Every so often a new book title pops up that is so unusual I just have to pick it up and check it out. When I came across the title, The Guernsey Literary and Potato Peel Pie Society by Mary Ann Shaffer and Annie Barrows, curiosity got the best of me.
The book is set in 1946 in Guernsey, a small island in the English channel. Guernsey was occupied by the Nazies during WWII. In the book, Juliet Ashton, a writer living in London, receives a letter from a Guernsey farmer. He has come across her name in an old book and is looking for books by Charles Lamb. He mentions in the letter that he particularly enjoyed Lamb's story about a roast pig, since the Guernsey Literary and Potato Peel Pie Society came into being because of a roast pig that they had to keep secret from the Germans. So begins a series of correspondence between Juliet and the members of the society. Juliet is captivated by their stories and eventually sets sail for Guernsey. Through their correspondence and friendships we come to understand the healing powers of love and community.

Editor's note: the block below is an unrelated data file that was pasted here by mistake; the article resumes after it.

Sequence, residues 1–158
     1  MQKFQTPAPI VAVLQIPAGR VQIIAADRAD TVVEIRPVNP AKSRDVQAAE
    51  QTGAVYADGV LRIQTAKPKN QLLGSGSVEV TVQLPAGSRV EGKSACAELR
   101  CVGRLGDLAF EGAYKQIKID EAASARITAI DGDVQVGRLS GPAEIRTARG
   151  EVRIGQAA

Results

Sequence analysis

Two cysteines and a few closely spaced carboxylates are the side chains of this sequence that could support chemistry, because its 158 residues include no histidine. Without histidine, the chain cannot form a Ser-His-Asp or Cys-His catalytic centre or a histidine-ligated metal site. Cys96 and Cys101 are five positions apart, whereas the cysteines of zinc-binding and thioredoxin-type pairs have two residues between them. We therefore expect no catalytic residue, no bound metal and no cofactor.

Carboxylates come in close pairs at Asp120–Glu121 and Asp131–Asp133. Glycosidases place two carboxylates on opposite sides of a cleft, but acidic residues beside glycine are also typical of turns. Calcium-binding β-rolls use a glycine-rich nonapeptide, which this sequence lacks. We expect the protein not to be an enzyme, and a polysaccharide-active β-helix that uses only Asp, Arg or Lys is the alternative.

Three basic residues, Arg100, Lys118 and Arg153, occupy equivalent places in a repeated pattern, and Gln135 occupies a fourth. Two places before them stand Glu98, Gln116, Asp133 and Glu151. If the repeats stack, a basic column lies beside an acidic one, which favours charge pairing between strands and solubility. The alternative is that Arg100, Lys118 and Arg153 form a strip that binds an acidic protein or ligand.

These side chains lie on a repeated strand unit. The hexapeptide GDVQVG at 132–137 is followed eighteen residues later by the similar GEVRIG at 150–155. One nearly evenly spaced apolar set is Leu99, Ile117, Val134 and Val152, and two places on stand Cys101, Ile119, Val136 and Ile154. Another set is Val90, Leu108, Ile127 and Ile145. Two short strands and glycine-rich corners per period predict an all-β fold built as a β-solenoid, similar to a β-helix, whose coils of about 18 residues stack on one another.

The story is fiction, but the writing is so honest and straightforward that it reads like nonfiction.
You may wonder: Why did a roast pig have to be kept secret? How could a roast pig cause someone to begin a literary society? And what is a potato peel pie?
Well, you'll just have to read the book to find out.